Many Americans celebrated the U.S. Supreme Court ruling on June 26 that same-sex couples have the constitutional right to marry, calling it a victory of love. Muslims living in the United States seem to be a bit skeptical about this ruling.
Sensing this, Iranian-American Professor Reza Aslan and The Daily Show correspondent Hasan Minhaj wrote an open letter to Muslim Americans regarding the gay marriages. They wrote:
“Many of you are scandalized by the ruling (we know because you keep tweeting about it), and many more of you are equally perturbed but have chosen to keep it to yourself. With all the rainbow-flag waving and self-congratulatory pats on the back this country is giving itself right now, you don’t need another reason for Americans to dislike you.”
I was invited to participate in a BBC World Radio show to discuss this letter with some other Muslims around the world. I personally think the letter made a lot of sense. Aslan and Minhaj did not ask Muslims to agree with the gay community; rather, they advised them to find common ground, since Muslims are already a minority in the U.S.
Instead of being a thin minority, why doesn’t everyone just give some space to fellow Muslims, rather than following a “with us or against us” point of view.
The problem comes when people try proving their support for gay marriages in the light of the Holy Quran. One participant at the BBC show said that the Quran is a book that contradicts itself and there is a room for gay marriages in Islam. I would think twice before saying something about our Holy Book. We should not claim that our point of view must have a place in Quran. First of all, one should not bring up the Holy Book if one is not an expert on Islam. Muslims who are in favor or against gay marriages can come up with several verses in the Quran that support their point of view, so let’s not go there.
One should not present his or her own ideas as something written in the Quran. There is a difference between what we believe and what is written in the book; that is why we seek guidance. Muslims believe it’s the word of Allah and He always knows better than us.
Secondly Muslims DO NOT have to accept gay marriages. It’s a democracy people in America are living in and everyone has a right to free expression. Why should Muslims be looked at differently when they disagree with gay community’s point of view? Isn’t this extremism when people pressurize Muslims to accept gay marriages or else be looked down upon? I know scores of Christians, Jews and other religious groups who don’t agree with the LGBT community but they are not being portrayed as narrow minded.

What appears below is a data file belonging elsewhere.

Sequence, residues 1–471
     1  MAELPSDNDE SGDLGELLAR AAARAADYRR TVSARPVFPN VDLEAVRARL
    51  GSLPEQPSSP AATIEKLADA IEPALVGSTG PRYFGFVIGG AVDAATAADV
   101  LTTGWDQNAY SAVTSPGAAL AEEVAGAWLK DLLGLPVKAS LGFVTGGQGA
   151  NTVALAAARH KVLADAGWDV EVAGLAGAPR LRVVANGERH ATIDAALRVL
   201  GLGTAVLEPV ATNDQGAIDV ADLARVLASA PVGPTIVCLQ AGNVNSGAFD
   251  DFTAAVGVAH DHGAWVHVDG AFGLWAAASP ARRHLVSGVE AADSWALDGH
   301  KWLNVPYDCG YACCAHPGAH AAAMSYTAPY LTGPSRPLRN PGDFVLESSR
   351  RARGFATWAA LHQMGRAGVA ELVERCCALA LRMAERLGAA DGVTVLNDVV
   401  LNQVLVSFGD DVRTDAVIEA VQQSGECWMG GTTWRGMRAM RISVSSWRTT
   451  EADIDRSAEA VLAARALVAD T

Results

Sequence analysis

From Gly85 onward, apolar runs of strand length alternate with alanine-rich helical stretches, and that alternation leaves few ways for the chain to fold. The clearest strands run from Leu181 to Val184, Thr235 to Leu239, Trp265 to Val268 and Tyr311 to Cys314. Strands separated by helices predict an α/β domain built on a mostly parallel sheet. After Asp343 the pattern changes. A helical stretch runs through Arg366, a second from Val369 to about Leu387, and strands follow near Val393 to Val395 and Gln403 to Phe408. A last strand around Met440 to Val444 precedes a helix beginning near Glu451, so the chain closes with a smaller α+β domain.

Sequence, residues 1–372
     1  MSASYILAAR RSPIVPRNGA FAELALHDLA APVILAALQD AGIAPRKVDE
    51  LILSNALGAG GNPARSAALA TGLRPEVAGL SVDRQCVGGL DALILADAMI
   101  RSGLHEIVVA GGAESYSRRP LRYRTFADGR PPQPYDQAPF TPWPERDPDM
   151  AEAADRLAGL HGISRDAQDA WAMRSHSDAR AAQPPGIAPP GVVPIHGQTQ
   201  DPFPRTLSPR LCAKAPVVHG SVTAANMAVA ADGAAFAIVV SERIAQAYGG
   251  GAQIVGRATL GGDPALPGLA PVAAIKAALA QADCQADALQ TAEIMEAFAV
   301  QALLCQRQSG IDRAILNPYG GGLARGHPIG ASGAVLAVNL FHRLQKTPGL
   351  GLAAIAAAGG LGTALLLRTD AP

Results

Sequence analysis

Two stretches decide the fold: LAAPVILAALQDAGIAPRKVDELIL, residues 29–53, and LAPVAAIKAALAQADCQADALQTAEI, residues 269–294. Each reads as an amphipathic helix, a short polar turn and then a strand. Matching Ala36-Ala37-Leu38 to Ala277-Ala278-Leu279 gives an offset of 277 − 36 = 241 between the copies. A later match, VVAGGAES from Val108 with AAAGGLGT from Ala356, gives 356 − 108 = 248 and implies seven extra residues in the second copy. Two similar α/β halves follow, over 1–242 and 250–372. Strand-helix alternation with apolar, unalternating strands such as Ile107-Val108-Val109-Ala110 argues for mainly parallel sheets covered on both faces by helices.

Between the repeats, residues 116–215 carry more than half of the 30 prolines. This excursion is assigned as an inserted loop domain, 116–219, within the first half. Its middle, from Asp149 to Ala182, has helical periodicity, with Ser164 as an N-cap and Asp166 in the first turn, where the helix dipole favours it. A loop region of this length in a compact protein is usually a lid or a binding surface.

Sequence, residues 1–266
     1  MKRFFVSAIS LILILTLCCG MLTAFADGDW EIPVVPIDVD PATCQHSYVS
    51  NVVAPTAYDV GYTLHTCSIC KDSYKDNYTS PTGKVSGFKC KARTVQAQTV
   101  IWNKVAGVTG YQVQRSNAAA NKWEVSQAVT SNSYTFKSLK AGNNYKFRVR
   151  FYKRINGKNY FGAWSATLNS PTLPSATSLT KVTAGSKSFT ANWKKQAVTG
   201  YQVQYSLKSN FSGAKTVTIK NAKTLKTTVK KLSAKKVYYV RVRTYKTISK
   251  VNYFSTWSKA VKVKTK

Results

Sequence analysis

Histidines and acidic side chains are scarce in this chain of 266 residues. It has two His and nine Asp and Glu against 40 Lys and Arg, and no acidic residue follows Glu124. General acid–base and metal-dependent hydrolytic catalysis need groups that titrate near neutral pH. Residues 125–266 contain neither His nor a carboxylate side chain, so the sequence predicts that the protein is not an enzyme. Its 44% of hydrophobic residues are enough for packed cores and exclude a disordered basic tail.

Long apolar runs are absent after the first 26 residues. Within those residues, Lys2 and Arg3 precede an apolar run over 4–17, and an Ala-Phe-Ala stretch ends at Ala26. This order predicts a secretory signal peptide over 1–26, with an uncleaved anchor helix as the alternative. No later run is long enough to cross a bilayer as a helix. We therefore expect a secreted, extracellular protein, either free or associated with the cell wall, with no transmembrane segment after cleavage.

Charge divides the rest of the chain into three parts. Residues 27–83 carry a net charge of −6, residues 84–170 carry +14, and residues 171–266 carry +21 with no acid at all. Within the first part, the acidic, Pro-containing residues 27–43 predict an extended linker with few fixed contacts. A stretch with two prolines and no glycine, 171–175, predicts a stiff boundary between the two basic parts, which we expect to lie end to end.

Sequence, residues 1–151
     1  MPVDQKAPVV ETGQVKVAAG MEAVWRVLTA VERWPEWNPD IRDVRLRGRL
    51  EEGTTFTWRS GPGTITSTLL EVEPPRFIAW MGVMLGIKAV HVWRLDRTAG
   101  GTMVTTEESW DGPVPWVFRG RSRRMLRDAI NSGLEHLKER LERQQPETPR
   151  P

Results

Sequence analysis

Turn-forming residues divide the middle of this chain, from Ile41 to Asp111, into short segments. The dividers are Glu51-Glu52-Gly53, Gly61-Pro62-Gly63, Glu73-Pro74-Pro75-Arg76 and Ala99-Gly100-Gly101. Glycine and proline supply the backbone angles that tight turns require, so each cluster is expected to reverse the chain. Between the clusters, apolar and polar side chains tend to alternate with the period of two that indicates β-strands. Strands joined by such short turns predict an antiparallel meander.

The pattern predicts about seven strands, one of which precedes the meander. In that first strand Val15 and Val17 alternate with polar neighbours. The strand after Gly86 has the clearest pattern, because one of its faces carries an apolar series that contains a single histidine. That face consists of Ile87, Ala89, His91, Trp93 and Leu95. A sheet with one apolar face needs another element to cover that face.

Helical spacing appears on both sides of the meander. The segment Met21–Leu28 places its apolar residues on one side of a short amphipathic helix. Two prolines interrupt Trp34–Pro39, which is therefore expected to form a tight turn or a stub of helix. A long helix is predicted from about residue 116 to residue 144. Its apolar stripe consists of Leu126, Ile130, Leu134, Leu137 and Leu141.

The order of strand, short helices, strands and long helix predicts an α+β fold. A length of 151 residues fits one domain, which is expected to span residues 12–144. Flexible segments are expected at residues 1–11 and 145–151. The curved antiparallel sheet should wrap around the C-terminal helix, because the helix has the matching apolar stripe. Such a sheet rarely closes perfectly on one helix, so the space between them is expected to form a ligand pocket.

Being a religious minority in the U.S. is difficult. I have also experienced it during my five-month stay here and it gets more difficult if you are a Muslim. But look at the other side of the picture. Aslan cited a survey that found over 42 percent of Muslims living in the U.S. support gay Muslims.
I am against the generalization of any society or community. Unfortunately, Muslims all over the world often are generalized as narrow minded and “terrorist sympathizers.” One of the participants of the show raised a very important point that non-Muslims think that majority of the Muslims are like ISIS and we need to be extra careful. ISIS is a terrorist organization and they DO NOT represent Muslims and Islam. In fact they have nothing to do with our religion. Didier Francois, a French journalist who was held hostage by ISIS for over ten months, said on CNN, “There was never really discussion about texts … it was not a religious discussion. It was a political discussion. They didn’t even have the Quran.”
When Muslims do not generalize about Christians on the basis of an act of an individual (a white man killing blacks in a churches, for example) then they should also stop doing that with the Muslims. Not everyone in a society can be completely good or evil.
Another participant made an excellent point that non Muslims learn about our religion not through the Holy Quran but by our conduct. Muslims all over the world need to conduct themselves in a good way, according to the teachings of our religion as its just not a religion but a way of life.
We need to be very careful while choosing sides. As far as the gay marriage issue is concerned, being a Muslim in America can be tough and to actively participate at the community and the national level, Muslims must come together, find a common ground and forget about the differences. You don’t need to agree with other’s point of view but you can accept them as Muslims as long as they don’t hurt or abuse you.
We must learn to coexist; it’s the need of the hour. And it is not our duty to judge anyone on the basis of their way of life and beliefs, it’s the role of God. So let’s just leave it to Him.